How to Tell Your Children You’re Getting Divorced
August 10, 2021
If you’ve decided to end your marriage, telling your children will probably be one of the hardest steps in the whole process. While they’ll likely be upset, there are ways to soften the news so it’s not as devastating — or confusing — for them.
Here are some of the most effective strategies for breaking the news gently, so your children won’t leave the conversation feeling depressed, anxious, or traumatized:
1. Tell Them Together
If circumstances allow, you and your spouse should have the discussion as a family. Presenting a united front will let the children know you’re still going to cooperate with each other, especially when it comes to them.
In that same vein, make sure all the kids are present for the conversation. Some parents consider telling the older children first, so they have more time to prepare if they’re going to be changing schools or facing some other major transition. Burdening the older kids with the news, however, and instructing them not to tell the younger ones will only add to their stress.
2. Avoid Assigning Blame
Even if one party is primarily to blame for the split — by having an affair, for example — the children don’t need to know that. Excluding cases involving addiction and abuse, kids should maintain a close relationship with both parents following divorce, and sullying one party’s name will keep that from happening.
If your children ask why you’re ending the marriage, give them generic answers that start with the word “we.” For example, you could say:
- “We are no longer happy together;”
- “We want to stop arguing;” or
- “We’ve been unable to resolve our differences.”
3. Answer Their Questions Honestly
It may be tempting to soften the news by giving vague, somewhat optimistic answers. If your kids ask whether you’ll ever get back together someday, for example, you might be inclined to say, “Maybe.” As long as you’re certain you won’t, however, it’s best to be honest with them. Try to give age-appropriate but straightforward answers to all their questions, so they don’t develop any unreasonable expectations for the future.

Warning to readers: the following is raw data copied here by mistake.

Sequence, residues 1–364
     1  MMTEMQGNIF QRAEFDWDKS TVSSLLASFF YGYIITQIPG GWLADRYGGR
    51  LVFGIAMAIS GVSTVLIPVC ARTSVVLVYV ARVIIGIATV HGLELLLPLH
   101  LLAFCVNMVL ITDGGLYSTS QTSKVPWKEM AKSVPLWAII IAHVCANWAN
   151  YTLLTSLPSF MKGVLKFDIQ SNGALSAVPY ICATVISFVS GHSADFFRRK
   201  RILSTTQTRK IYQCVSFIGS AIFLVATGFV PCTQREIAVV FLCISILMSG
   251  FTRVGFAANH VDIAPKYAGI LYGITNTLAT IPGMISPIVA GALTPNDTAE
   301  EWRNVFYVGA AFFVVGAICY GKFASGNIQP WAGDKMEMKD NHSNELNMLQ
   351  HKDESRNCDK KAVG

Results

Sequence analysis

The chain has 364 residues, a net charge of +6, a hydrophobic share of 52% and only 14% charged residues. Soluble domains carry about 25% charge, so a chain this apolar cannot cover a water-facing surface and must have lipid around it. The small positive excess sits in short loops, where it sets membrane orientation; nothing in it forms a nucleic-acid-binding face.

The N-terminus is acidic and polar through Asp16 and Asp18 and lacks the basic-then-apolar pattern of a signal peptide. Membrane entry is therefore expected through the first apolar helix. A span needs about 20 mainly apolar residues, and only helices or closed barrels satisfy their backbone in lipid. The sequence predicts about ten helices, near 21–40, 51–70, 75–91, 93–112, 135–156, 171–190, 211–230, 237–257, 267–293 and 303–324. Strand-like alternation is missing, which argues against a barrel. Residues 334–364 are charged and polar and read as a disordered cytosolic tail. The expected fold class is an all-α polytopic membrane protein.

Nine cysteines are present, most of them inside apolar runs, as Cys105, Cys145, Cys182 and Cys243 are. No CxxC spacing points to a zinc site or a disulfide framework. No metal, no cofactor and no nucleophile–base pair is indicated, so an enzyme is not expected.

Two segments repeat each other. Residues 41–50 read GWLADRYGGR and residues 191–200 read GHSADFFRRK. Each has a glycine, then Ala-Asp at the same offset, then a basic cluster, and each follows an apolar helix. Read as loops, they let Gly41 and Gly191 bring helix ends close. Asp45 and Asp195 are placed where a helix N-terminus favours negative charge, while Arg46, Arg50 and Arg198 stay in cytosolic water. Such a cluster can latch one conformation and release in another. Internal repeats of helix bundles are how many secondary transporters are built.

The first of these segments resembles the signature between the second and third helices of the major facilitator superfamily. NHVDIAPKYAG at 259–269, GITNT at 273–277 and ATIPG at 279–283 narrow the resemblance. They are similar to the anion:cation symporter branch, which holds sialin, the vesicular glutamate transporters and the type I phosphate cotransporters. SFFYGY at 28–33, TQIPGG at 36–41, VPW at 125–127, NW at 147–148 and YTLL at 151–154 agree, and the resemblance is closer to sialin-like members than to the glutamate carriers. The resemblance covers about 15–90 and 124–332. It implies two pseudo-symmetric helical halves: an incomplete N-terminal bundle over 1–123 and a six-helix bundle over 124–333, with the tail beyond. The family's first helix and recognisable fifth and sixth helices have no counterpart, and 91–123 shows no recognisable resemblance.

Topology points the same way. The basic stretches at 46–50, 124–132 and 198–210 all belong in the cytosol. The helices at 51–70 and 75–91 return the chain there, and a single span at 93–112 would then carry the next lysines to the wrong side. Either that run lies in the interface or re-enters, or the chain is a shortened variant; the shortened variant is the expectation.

4. Explain What’s Going to Change and Then What’s Going to Stay the Same
Upon learning their parents are splitting up, most children’s primary concern is the impact it will have on their everyday lives. After breaking the news, explain what’s going to change. Will one of you be moving out, for example?
Then, let them know what’s going to stay the same. Will they still attend the same school? Will they get to keep playing sports? Giving your kids concrete examples regarding their new routine will provide some reassurance by relieving the fear of the unknown.
Speak with a Lafayette Family Law Attorney
If you intend to file for divorce in Indiana, turn to Ball Eggleston for exceptional legal guidance every step of the way. Since 1950, our firm has been helping clients resolve complicated family law disputes as favorably — and quickly — as possible. To discuss your pending divorce with a family lawyer in Lafayette, schedule a free consultation by calling (765) 742‑9046 or filling out our Online Contact Form.
The content of this blog is intended to be general and informational in nature. It is advertising material and is not intended to be, nor is it, legal advice to or for any particular person, case, or circumstance. Each situation is different, and you should consult an attorney if you have any questions about your situation.